Sorry about the 5-day gap. Here are some random items not exactly about News after Newspapers, but certainly further indication that we may soon be in an After Newspapers world.
The "September FAS-FAX" numbers are out—that's the self-reported circulation figures of U.S. newspapers for the 6 months ending September 30, versus the same period a year ago. Guess what—they are down: 4.6% on weekdays and 4.8% on Sundays. The rationalization this time is that lots of papers are cutting out unprofitable—that is, not actually real—circulation. This includes gimmickry like Newspapers in Education, "third-party" promotions in which businesses pay for thousands of giveaway copies, "bonus days" in which papers are delivered on, say, Monday through Friday to people who only paid for Saturday-Sunday delivery, and on and on. Since all this nonsense has been going on for years, the current drop really represents years of real, core, paid circulation decline that's becoming visible all at once.
The industry claims that some of the decline represents readers switching to reading their content online, and that the overall audience is growing. But is it? ABC's list of the top 25 "tier 1" papers showing total audience growth (print plus online) is not that impressive—only 4 are in double digits, and below these 25 there must be a number in that "tier" with an overall decline. We can't tell, because the ABC has a membership firewall around the numbers.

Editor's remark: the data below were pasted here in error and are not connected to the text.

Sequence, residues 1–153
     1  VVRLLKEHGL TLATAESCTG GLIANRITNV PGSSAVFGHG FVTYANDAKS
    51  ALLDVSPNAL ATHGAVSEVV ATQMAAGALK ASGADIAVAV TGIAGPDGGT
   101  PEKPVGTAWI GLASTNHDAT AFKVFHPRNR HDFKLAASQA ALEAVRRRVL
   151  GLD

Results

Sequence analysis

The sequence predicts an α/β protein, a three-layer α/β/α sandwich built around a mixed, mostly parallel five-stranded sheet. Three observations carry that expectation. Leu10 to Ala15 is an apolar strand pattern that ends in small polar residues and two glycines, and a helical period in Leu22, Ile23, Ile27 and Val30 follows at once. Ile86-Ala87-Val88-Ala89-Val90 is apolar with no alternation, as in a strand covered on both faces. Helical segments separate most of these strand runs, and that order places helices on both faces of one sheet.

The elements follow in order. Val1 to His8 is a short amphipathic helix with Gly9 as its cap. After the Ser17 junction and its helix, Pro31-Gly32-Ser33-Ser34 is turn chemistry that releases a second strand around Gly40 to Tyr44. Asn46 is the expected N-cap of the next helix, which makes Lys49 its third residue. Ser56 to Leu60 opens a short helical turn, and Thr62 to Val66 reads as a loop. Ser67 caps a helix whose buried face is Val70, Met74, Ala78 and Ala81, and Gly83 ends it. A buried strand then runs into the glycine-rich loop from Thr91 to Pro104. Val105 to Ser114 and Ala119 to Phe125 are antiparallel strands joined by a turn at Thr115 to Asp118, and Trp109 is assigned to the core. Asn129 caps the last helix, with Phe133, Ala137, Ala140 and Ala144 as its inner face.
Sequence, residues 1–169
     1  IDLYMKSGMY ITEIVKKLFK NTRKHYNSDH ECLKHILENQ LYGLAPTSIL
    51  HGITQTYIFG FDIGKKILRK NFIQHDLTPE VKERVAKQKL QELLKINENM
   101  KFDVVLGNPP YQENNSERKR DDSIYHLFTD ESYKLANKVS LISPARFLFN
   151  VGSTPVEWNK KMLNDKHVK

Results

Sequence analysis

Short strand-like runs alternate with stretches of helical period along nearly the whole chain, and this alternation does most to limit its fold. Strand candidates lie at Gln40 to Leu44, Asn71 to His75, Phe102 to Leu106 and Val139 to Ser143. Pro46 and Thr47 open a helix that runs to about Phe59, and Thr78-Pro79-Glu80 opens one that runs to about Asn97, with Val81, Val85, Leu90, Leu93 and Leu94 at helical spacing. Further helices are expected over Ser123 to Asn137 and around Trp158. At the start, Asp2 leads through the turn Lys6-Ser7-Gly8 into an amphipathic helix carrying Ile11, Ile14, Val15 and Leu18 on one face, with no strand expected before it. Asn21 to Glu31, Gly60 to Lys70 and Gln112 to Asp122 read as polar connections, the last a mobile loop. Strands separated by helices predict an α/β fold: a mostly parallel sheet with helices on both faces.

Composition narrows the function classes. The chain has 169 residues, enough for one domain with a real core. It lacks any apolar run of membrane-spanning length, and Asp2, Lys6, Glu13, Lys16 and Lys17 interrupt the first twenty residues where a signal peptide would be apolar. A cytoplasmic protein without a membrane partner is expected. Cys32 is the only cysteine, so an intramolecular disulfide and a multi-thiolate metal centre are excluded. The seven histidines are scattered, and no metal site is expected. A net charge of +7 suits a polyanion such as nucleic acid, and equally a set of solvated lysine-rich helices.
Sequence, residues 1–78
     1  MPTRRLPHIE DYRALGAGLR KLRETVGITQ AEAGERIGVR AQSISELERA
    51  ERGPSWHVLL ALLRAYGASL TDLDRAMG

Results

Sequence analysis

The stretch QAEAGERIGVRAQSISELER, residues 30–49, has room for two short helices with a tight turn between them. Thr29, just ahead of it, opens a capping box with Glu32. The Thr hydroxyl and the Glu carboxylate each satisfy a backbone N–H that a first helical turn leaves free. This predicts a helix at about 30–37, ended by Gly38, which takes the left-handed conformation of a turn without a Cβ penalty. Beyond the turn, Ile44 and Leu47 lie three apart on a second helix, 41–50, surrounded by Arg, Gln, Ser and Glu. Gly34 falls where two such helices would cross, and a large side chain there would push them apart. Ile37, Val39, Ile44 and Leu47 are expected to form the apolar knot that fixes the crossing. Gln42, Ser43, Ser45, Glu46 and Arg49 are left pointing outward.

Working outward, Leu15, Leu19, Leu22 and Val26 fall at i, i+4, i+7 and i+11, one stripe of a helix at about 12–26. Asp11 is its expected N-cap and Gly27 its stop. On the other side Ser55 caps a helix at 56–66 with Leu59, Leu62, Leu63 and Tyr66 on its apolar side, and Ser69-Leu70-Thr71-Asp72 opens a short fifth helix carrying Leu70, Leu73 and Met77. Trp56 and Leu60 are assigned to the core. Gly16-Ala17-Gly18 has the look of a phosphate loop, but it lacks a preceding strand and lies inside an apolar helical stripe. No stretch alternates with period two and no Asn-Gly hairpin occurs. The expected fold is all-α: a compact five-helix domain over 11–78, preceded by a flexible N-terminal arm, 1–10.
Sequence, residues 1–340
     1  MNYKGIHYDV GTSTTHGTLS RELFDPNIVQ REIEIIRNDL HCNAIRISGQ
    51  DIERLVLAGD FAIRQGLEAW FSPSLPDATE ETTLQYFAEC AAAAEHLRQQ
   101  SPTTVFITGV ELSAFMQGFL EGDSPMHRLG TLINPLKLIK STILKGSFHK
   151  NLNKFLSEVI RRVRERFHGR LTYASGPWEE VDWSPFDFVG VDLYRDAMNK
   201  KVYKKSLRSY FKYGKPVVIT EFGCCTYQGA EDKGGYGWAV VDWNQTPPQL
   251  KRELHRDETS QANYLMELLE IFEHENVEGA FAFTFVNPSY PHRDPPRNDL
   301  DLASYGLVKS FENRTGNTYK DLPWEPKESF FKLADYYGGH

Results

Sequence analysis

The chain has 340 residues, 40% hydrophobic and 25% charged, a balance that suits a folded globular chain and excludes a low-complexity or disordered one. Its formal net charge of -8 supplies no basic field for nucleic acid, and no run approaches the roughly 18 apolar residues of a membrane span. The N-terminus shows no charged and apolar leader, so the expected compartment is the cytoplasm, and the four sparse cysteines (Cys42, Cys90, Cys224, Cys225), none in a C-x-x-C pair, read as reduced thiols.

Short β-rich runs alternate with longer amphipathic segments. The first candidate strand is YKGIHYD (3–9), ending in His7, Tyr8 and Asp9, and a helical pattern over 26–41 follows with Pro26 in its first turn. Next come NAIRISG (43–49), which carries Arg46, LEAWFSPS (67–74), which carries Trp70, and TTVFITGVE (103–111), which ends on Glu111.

Arthur Sulzberger admits that the New York Times might not be around forever. (And another report here.) Instead, says Pinch, "we must be where people want us to be for their information." I'm surprised this one didn't get more play, really—the publisher of the greatest newspaper in the world says, in effect, that he likes print but doesn't really care if it stays or goes. I have to say that of all American metros, the Times is really the most web-centric today, and stands a chance of making the post-print transition. Meanwhile, however, the Times reported a whopping 51 percent drop in earnings (but this beat Street estimates, somehow). At Gannett, the drop was only 32 percent.
Folks in New Jersey must still like the printed Times better than the bleeding Star Ledger, which is laying off 40 percent of its news staff. Forty percent! This is supposed to save the operation. Don't bet on it. Around the country, Paper Cuts has tallied over 12,000 newspaper layoffs and buyouts, and that's just the ones reported—lots of papers small and large leave jobs open or make small cuts without anyone writing about it.
If the audience is moving online, advertising is not following, at least not in the second quarter, when newspapers reported a 2.4 percent decline in online ad revenues. That's not much compared to the print slowdown, but it's not encouraging when newspapers have been pointing to the Web as representing their future. But in the third quarter, the newspaper web site audience grew 16 percent. One would think that ad revenues should resume their upward trend. I also read this week, and can't find the reference, that in September 41 percent of U.S. adults visited a newspaper web site, a new high. As newspapers disappear, however, we won't be talking about "newspaper web sites" anymore—just "news" sites.